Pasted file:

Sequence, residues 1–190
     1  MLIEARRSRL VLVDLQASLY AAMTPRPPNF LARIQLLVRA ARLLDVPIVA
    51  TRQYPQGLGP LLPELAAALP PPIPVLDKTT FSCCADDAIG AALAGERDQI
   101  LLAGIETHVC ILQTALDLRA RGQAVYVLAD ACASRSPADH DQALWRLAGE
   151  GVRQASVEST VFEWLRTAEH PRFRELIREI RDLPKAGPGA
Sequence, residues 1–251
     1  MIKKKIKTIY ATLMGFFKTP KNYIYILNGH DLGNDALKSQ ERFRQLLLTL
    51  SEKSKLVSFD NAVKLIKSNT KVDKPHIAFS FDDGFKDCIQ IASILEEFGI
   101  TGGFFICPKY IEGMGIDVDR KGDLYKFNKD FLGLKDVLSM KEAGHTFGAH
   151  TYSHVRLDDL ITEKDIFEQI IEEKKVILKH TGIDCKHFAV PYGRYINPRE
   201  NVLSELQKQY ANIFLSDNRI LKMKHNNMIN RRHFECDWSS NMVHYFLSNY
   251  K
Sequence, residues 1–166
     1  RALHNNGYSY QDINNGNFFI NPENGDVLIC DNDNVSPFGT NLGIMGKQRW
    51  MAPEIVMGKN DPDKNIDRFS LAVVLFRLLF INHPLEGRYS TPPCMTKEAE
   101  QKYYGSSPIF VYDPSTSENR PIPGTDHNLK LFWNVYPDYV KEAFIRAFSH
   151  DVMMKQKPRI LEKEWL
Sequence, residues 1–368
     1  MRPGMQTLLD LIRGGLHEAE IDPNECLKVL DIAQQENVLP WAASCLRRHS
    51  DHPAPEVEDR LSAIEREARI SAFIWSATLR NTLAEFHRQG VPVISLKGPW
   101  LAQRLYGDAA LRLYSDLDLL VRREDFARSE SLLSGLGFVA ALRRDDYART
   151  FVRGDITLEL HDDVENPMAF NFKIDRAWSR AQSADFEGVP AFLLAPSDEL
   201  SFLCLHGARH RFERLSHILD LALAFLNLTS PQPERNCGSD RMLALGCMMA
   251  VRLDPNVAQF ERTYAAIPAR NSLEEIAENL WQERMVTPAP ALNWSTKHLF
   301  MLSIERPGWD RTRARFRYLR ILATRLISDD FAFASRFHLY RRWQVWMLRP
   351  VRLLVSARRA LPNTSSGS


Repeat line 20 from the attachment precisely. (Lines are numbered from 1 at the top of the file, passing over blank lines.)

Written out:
    51  DHPAPEVEDR LSAIEREARI SAFIWSATLR NTLAEFHRQG VPVISLKGPW